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PAGE 8 DECEMBER 10, 2013









Classic at Big 4

Panthers outscored 20-11 in overtime period COLE BAIR

Sports Writer

The University of Northern Iowa men’s basketball team made the short trip to Des Moines Saturday for a matchup against the instate rival the Cyclones. Iowa State University came into the game with an undefeated record and a national ranking of 17. UNI started the game as good as they could have hoped, as they held a 22-9 lead nearly eight minutes into the first half. Coach Ben Jacobson’s offense was paced in the first half by bench players Nate Buss and Jeremy Morgan. Buss scored 14 first-half points, flashing an offensive repertoire of turnaround jumpers, dribbledrives and 3-pointers. The Panthers extended their lead to 18 points just four minutes into the second half, but the Cyclones proved to be too much on offense. ISU closed the gap with a 23-2 run over a seven-minute span in the second half. UNI responded with a quick 7-0 run. Down by three points with

time expiring, Seth Tuttle hit an off-balance, one-handed 3-pointer that tied the game at 71 and sent the game into overtime. With the Cyclones’ leading scorer, Georges Niang, fouled out, ISU’s Melvin Ejim, DeAndre Kane and Dustin Hogue took over. The Cyclones outscored the Panthers 20-11 in the extra period. Kane, Ejim and Hogue combined for 18 of the Cyclones’ 20 overtime points. Buss finished with 23 points and seven rebounds on 10-14 shooting. Redshirt sophomore Wes Washpun played 42 minutes, mainly at the point guard position. Backcourt teammate Deon Mitchell struggled to be effective as a distributor, recording zero assists while turning the ball over five times. Mitchell has dished out only 15 assists and has made an egregious 18 turnovers. Matt Bohannon is five for his last 31 from 3-point range in his last four games. The Panthers will look to get back on track at 7 p.m. at home Tuesday night against Savannah State University.


ERIC CLAUSEN/Northern Iowan

Wes Washpun recorded 18 points, six rebounds and eight assists in UNI’s loss to Iowa State University. The Panthers bench outscored the Cyclones bench 33-5.


UNI places 4 wrestlers Panthers split pair of games RILEY UBBEN

Sports Writer

Courtesy Photo/ UNI Athletics Communication

Cooper Moore (left) finished in fourth place at the Cliff Keen Invitational in Las Vegas. The Panthers had four wrestlers earn medals.


Sports Writer

The Northern Iowa wrestling team continued their strong start to the 20132014 season at the Cliff Keen Invitational in Las Vegas over the weekend. The invitational was an excellent measuring stick for the sixth-ranked Panthers, as it included 13 of the nation’s top 25 teams,

according to the InterMat rankings. UNI finished in sixth place with four wrestlers earning medals. After the first day of competition, Dylan Peters, Joe Colon and Cooper Moore were in the hunt to win their respective weight classes, but fell just short on day two.  See INVITE, page 9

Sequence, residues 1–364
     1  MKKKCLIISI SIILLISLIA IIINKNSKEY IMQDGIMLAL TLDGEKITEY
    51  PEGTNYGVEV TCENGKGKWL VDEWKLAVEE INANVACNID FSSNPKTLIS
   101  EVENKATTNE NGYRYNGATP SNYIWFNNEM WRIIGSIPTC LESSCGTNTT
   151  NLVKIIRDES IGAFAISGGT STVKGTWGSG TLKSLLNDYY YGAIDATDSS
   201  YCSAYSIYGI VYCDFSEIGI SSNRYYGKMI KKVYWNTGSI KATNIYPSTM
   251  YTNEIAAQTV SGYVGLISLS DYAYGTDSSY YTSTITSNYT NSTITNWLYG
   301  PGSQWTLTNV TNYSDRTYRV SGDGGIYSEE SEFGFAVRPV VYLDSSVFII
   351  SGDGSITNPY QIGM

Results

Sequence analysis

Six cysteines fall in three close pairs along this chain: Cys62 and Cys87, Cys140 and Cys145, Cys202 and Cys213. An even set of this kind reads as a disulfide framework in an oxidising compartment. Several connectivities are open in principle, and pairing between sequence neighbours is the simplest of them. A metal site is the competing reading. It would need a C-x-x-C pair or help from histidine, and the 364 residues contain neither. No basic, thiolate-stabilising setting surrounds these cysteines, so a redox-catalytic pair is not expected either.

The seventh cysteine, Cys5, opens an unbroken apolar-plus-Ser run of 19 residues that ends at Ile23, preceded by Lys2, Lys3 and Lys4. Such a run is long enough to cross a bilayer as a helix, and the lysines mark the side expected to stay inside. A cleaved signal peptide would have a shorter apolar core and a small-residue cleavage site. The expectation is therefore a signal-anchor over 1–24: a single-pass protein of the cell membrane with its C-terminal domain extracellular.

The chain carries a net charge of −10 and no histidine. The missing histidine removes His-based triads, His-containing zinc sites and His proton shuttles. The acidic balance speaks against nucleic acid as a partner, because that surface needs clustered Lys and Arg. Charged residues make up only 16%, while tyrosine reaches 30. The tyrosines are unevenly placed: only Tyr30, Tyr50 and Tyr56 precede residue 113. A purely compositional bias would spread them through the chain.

The University of Northern Iowa split a pair of nonconference games this week as they fell to Iowa State University in Ames and won their third game of the season against Saint Louis University at the McLeod Center. Madison Weekly led UNI in scoring with 16 points in the 83-55 loss against the 20thranked Cyclones. The Panthers were outscored in the first half 43-26 while shooting just 31 percent from the field. Hallie Christofferson led the Cyclones with a game-high 22 points while adding five rebounds and five assists. Brooke Brown scored 10 points and was 3-3 from behind the arc for UNI. The Panthers made 10 3-pointers on 22 attempts against the Cyclones. UNI bounced back in a game of scoring runs against SLU Saturday as the Panthers won 74-65. Amber Sorenson

ERIN KEISER/Northern Iowan

Jen Keitel scored 16 points in the Panthers’ win against Saint Louis. Keitel was 6-6 from the free throw line in the final minutes of the contest.

led UNI in scoring off the bench with 17 points. Sorenson hit a game-high four 3-pointers as the team went 8-31 from behind the arc in the contest. Weekly’s 3-pointer capped of a 7-0 run in the first two minutes of the contest for UNI. SLU put together a run of their own to tie the game at 9-9 shortly after. Sadie Stipanovich led the Billikens in scoring with 17 points and a game-

high 10 rebounds. The Panthers’ second unit responded with another 7-0 run with back-to-back layups from Jen Keitel. Keitel had 16 points and six rebounds in 22 minutes off the bench. The Panther bench scored 40 points in the game. Despite the scoring runs, the Panthers found themselves down 29-27 at halftime.  See WOMEN, page 9





New rules hurting flow of basketball games SEAN DENGLER

Sports Columnist